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2. PRA findings: community priorities and institutions.

Priority Development Concerns

Men and women are asked in each of the research sites to identify the main institutions in their community, the importance of these institutions to them, and whether they perceive these institutions as belonging to the community. They are then asked to identify the institutions they would like to see in the community. This exercise is done to gain a better understanding of how people view their community, identify their priority problems, and ascertain the overall priority attached to health concerns.

In each LGA access to and storage of potable water is identified as the primary concern followed by the need to raise agricultural production and improve access to markets. This relates closely to the belief that poverty has increased, making it is necessary to improve agricultural yields and increase access to credit and markets. While the lack of adequate health care services and drugs is a concern in the LGAs, they are secondary to broader poverty-related concerns.

Policy makers and public sector health service providers are also interviewed on the priority concerns of individuals in their LGA. The sizable overlap between the matrix ranking of policy makers and that of community groups shows that political authorities are aware of the issues that concern their constituents. Officials caution nonetheless that without financial resources they are unable to address many of their communities' needs.
Box 1
How to Read Institutional Maps

The circles and boxes in the map represent the
relative importance and accessibility of institutions
to the group. The large circle represents the
community, and the smaller circles signify key
institutions. The importance of an institution is
depicted by its size--the larger the box or circle,
the more important the institution. Institutions
that are placed outside of the larger circle represents
the perception that they do not "belong" to
the community; and, in the case of the idealized
maps, these are institutions that should be located
outside of the community.

A focus group of women in Zamko community,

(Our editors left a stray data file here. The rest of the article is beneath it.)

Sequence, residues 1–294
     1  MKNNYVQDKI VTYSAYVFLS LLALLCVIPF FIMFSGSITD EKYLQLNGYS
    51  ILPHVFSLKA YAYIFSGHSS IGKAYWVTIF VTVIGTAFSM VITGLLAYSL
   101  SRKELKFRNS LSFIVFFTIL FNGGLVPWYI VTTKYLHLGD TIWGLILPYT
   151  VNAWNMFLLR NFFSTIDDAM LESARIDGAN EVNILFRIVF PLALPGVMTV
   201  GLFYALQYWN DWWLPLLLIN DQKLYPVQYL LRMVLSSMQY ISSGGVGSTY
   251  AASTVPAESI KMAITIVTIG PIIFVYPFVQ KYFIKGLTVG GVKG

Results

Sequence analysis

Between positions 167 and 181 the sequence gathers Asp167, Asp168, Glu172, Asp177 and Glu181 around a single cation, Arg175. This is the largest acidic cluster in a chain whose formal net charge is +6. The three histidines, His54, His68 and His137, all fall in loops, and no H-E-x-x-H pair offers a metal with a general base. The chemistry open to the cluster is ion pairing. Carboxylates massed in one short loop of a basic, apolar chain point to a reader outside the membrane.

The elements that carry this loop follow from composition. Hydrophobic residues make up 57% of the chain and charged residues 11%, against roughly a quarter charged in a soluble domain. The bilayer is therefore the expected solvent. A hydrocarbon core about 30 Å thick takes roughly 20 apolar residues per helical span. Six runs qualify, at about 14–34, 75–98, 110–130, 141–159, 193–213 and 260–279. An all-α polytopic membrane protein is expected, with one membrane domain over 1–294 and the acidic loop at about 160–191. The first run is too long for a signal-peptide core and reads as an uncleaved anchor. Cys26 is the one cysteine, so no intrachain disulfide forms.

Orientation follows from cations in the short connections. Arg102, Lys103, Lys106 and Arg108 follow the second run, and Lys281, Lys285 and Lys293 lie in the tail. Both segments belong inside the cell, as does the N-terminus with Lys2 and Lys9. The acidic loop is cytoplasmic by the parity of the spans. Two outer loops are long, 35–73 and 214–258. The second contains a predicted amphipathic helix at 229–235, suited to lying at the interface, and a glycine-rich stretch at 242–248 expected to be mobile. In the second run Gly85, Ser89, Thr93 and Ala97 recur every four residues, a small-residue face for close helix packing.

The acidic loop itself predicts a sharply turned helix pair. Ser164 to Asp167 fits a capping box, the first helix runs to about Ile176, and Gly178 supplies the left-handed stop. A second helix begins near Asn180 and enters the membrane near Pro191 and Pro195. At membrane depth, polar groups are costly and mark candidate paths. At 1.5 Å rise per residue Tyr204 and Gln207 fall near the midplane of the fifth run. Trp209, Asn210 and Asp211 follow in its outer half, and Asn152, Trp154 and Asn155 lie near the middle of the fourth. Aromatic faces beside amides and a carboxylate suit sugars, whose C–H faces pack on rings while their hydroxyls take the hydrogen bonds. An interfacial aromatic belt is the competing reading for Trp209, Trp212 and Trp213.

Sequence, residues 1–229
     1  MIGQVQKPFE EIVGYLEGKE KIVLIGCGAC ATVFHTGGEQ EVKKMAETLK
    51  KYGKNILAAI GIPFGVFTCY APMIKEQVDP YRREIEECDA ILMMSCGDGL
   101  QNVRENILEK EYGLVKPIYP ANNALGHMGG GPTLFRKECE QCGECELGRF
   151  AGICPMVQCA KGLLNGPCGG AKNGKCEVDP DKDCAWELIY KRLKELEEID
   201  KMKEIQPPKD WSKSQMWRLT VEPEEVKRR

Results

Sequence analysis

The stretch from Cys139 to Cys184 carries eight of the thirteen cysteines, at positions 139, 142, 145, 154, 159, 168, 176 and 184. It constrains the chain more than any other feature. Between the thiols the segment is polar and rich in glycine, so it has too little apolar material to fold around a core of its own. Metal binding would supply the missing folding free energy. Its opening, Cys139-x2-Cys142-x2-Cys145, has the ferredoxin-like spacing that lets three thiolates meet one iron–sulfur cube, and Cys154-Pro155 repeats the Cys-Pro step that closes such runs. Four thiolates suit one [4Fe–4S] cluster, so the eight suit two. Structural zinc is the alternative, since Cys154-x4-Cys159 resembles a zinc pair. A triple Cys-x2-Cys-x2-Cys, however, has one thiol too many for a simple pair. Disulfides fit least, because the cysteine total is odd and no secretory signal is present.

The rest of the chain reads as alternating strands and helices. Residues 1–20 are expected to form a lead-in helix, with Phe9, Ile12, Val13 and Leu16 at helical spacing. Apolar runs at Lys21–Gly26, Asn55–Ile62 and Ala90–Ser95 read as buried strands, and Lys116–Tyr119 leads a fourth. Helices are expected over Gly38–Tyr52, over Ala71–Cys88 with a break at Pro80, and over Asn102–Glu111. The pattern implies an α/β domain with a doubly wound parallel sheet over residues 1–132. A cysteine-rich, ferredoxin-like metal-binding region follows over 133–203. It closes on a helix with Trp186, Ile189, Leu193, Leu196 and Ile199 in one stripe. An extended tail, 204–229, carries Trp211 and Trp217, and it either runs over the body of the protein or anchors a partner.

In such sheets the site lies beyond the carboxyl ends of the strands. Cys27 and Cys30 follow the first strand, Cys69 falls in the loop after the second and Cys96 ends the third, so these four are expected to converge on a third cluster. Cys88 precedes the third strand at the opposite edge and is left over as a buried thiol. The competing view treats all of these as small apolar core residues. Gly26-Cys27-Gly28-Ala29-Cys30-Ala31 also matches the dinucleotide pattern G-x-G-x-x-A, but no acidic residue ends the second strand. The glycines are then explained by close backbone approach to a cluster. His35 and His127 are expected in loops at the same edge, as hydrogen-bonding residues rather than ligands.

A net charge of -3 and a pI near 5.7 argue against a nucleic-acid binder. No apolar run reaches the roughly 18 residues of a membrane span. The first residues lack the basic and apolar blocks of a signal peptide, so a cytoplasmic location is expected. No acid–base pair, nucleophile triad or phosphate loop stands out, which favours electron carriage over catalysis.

Langtang drew the two maps below, and explain
them as follows:

Water. This is a basic necessity but the sources are
too distant.

Hospital. The hospital is built but not equipped; it
should be on the outskirts of the community so
that people could not catch infectious diseases.
Existing private facilities do not belong to the
community, as they could close at any time.

Market. It must be easily accessible, grinding
machines in the market must be close to its center
for ease of access.

School. More government schools would be
cheaper than private education.

Bank. It would provide loans for market women,
protect money against theft, and allow them to

Church. It is located outside the community and
controlled by missionaries.



Priority Health Concerns

To ascertain communities' perceived health needs, respondents are also asked to list and rank their main health concerns. STDs and AIDS do not feature significantly in any of the rankings, with the exception of one group of women in Langtang Town (see Table 4). They rank AIDS as their fourth health priority; and they also rank gonorrhea as a problem. In general, women perceive childhood diseases as priorities, and they rank them higher than men do. Among women, the main health concerns are measles, dysentery/diarrhea, and hypertension; men's main health concerns are meningitis, typhoid, and hernia. Malaria is mentioned more by men than by women.

Doctors and nurses identify similar health priorities with some notable exceptions. In each LGA, for example, doctors at private and public hospitals indicate complications arising from abortion as a priority health problem, particularly among girls under age 20. Relatedly, one of the health concerns secondary school girls express is the fear of pregnancy and having abortions.